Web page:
Thinking Through the Tax-Blocker Endgame

December 2020

Over the past few decades, private equity sponsors have raised a substantial amount of capital from both U.S. tax-exempt organizations and non-U.S. investors (“Tax- Sensitive Investors”). While Tax-Sensitive Investors generally do not incur U.S. federal income tax on the disposition of capital investments, they require specific structuring to mitigate U.S. federal income tax filing and payment obligations that can arise with respect to certain investments. Fortunately for private equity sponsors, using a blocker corporation (i.e., an entity treated as a corporation for U.S. federal income tax purposes that is interposed between the Tax-Sensitive Investor and the underlying investment) satisfies most of these tax structuring needs, as described below.

This Article describes some of the history of blocker usage in the private equity world as well as recent developments, some of which were triggered by changes in law and some by shifts in business trends.

Overview of Tax-Sensitive Investors and Blocker Structures
Tax-Sensitive Investors

Notwithstanding their moniker, most types of U.S. tax-exempt organizations are subject to tax on income that constitutes “unrelated business taxable income,” or “UBTI.” UBTI generally includes income derived by the organization from any trade or business not substantially related to the basis for its exemption from taxation. In the private equity context, UBTI arises in two principal forms. First, if the fund invests in an operating partnership (e.g., a limited liability company or other pass-through entity for U.S. tax purposes) that is engaged in a trade or business anywhere in the world, a tax-exempt partner’s share of the income of such operating partnership is generally UBTI. Second, a portion of income derived from property that was acquired using “acquisition indebtedness” also constitutes UBTI if the leverage is outstanding or only recently repaid. For example, if the fund purchases securities in part with leverage and sells securities within a year, a portion of the gain generally will be UBTI. However, many state and local government pension plans take the position that they are exempt from all taxation, including UBTI. If a U.S. tax-exempt organization incurs UBTI, it generally is required to file an income tax return with the IRS.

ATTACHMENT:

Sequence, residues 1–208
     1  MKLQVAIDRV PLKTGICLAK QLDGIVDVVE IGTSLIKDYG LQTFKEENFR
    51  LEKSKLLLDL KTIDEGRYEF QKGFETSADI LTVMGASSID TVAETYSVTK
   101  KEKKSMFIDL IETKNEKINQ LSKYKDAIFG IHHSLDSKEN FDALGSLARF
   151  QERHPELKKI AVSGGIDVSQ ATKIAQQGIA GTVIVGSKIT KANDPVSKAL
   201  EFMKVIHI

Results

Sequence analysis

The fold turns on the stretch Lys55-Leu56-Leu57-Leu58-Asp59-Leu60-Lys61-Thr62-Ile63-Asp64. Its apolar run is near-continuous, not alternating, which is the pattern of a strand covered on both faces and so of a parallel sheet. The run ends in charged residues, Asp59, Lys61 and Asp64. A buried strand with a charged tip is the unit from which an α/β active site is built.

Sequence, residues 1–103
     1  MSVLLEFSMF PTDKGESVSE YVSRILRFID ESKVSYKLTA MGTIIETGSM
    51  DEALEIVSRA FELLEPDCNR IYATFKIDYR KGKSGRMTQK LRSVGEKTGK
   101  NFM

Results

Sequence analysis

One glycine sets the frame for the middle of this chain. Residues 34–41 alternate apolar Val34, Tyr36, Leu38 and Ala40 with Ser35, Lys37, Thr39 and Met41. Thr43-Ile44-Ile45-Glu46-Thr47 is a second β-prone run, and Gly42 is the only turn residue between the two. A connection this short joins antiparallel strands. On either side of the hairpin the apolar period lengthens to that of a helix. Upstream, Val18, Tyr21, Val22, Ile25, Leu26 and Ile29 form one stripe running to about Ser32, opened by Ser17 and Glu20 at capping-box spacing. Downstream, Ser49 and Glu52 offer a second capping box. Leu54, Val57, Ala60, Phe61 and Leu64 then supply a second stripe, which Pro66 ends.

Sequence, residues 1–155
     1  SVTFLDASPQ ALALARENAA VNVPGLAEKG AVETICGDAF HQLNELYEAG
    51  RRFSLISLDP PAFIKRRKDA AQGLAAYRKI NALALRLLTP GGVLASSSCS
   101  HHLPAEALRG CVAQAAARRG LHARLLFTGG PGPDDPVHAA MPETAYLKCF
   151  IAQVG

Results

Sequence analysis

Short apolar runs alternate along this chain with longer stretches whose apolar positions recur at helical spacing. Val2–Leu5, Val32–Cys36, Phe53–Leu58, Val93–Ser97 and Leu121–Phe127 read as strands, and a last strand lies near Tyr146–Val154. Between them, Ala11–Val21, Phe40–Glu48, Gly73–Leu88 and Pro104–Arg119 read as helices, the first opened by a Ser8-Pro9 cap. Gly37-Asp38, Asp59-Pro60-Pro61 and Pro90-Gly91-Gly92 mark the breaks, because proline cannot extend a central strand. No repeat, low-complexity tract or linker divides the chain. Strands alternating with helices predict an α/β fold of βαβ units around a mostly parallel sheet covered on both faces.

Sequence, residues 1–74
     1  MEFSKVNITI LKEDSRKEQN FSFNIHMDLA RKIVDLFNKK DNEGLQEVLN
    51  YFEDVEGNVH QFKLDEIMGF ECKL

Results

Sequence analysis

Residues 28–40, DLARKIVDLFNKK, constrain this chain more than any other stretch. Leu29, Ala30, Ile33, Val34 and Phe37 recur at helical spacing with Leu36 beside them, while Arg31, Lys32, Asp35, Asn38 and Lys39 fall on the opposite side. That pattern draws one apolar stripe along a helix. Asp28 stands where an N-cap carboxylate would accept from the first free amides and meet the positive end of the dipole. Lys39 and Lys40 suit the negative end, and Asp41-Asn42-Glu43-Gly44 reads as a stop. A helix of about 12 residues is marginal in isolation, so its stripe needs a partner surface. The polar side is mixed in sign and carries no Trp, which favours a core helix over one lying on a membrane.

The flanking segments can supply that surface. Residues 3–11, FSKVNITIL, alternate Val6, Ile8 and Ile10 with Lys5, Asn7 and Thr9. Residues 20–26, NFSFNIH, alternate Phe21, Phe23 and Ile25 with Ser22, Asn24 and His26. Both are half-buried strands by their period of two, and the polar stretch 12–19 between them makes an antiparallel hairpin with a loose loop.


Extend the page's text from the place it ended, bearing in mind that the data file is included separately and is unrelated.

Non-U.S. investors are subject to U.S. federal income taxation on their income that is “effectively connected” with a U.S. trade or business, or “ECI.” Similar to UBTI, if the fund invests in an operating partnership that is engaged in a trade or business within the United States, a non-U.S. partner’s share of such operating partnership’s income and any gain from the sale of such operating partnership is usually ECI. If a non-U.S. investor has any amount of ECI or is otherwise engaged (or deemed to be engaged by virtue of its investment in a pass-through entity that is itself engaged) in a U.S. trade or business, it must file an income tax return with the Internal Revenue Service. Non-U.S. corporations are also generally subject to the “branch profits tax”, a tax at 30% (or a lower treaty rate) on the “dividend equivalent amount” of the non-U.S. corporation, which is approximately equal to the amount of the corporation’s earnings and profits attributable to ECI that is not treated as reinvested in the United States.